Mayor Bloomberg must be bored. The city of New York must not be giving him enough to do. 

I’m here to help. 

Perhaps the Mayor isn’t aware that the city is running a $4.1 billion deficit and that the state’s fiscal situation is catastrophic.  How about the fact that American financial power has shifted from New York to Washington and that industry is leaving New York in droves–relocating to Singapore, Hong Kong, and Shanghai.   There are other major issues he might focus on like the city’s struggling educational system (which Bloomberg now controls) or how about the looming show trial for Al Qaeda set to begin this year which will cost hundreds of millions of dollars and put the city in a security standstill for weeks or months.  

These are the issues that matter to New Yorkers.  But what issue has Mayor Bloomberg focused on at the beginning of his third term?  Salt.  That’s right.  Salt. 

Similar to the Mayor’s crusade against high-calorie food and transfat, the Mayor has now targeted salt content in food.  This week, the New York City health department released guidelines to cut back on the amount of sodium used in restaurants and packaged foods in order to reduce the amount of salt by 25 percent over the next five years.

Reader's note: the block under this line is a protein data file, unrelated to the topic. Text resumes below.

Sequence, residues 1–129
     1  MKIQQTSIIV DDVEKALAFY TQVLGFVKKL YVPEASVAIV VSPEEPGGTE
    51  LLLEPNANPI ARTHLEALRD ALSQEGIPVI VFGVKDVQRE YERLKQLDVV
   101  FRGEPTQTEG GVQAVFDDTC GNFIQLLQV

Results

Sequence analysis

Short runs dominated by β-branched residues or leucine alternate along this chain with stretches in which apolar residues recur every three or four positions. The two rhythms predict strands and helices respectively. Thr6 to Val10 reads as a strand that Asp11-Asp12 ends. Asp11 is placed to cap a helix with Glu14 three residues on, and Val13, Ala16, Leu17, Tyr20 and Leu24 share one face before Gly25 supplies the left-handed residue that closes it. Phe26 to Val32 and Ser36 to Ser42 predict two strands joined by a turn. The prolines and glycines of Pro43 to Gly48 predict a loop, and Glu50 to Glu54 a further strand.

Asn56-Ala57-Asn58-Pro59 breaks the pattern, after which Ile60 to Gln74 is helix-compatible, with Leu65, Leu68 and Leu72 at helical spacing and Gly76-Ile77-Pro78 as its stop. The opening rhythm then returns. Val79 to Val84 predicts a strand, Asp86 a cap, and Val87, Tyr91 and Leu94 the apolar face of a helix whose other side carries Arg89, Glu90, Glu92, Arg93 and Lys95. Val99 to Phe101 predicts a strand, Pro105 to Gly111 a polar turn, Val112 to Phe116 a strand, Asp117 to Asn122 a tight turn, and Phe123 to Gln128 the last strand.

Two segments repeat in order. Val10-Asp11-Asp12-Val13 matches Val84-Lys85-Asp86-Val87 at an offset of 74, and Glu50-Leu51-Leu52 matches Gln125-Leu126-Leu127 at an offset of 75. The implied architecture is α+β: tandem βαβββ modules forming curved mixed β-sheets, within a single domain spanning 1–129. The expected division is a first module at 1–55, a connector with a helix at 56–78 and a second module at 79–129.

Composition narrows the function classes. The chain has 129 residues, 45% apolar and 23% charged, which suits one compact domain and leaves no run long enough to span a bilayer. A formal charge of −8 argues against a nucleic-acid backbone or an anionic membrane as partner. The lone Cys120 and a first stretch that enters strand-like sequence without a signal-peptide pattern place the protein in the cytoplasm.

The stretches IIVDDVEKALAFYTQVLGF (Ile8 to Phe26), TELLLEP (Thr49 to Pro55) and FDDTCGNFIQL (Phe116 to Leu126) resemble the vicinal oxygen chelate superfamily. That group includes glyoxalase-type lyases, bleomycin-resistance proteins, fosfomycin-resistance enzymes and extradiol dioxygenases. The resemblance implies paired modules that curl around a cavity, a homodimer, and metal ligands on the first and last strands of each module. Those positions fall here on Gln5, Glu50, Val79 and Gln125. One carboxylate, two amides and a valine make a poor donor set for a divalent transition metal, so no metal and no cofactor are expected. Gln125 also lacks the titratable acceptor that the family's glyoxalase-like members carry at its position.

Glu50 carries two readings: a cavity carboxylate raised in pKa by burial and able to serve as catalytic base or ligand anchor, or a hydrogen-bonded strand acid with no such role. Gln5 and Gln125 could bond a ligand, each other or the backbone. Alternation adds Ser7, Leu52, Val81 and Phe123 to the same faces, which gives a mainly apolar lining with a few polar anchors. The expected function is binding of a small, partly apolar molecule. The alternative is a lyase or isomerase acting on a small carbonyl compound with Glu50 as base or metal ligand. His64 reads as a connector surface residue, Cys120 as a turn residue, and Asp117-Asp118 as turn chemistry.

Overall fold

And Mayor Bloomberg has some pretty lofty opinions of this new policy. When asked by reporters about his salt crusade, the mayor compared salt to asbestos and smoking:  

Mayor Michael Bloomberg got defensive when reporters questioned him Monday about the new crackdown on salt. “If we know there’s asbestos in a school room what do you expect us to do? Say it’s not our business? I don’t think so. The same thing is true with food and smoking and a lot of things,” Bloomberg said. “Salt and asbestos, clearly both are bad for you.”  

Well, yes, asbestos and smoking are bad for you. We know that. But the difference is that asbestos and smoking are never good for you whereas salt has very good qualities. In fact, humans require salt in their diets. 

There are so many foods that have been deemed “unhealthy” by the medical community-red meat, wine, coffee, high-fat cheese, cream, oils, certain kinds of fish, white flour, sugar.  The list is endless and not always consistent (a few years ago eggs topped the list but now eggs are considered fine).  Does Mayor Bloomberg really think it’s the government’s role to regulate people’s dinner plates?  

Also, Mayor Bloomberg clearly doesn’t care that this policy might be bad for the food industry nationwide.  A coalition of businesses and consumers recently lashed out at Bloomberg saying: “Since manufacturers would have to change their entire food product line for New York City because of this unwarranted attack on salt, Bloomberg is affecting food policy for the entire country.” 

One gets the sense that as a boy Bloomberg dreamed of one day being a dietitian.  It’s not too late, Mr. Mayor.  Follow your dreams. Step down from that job you clearly don’t like and get that dietitian certification. 

Because you clearly prefer governing people’s food intake over the city of New York.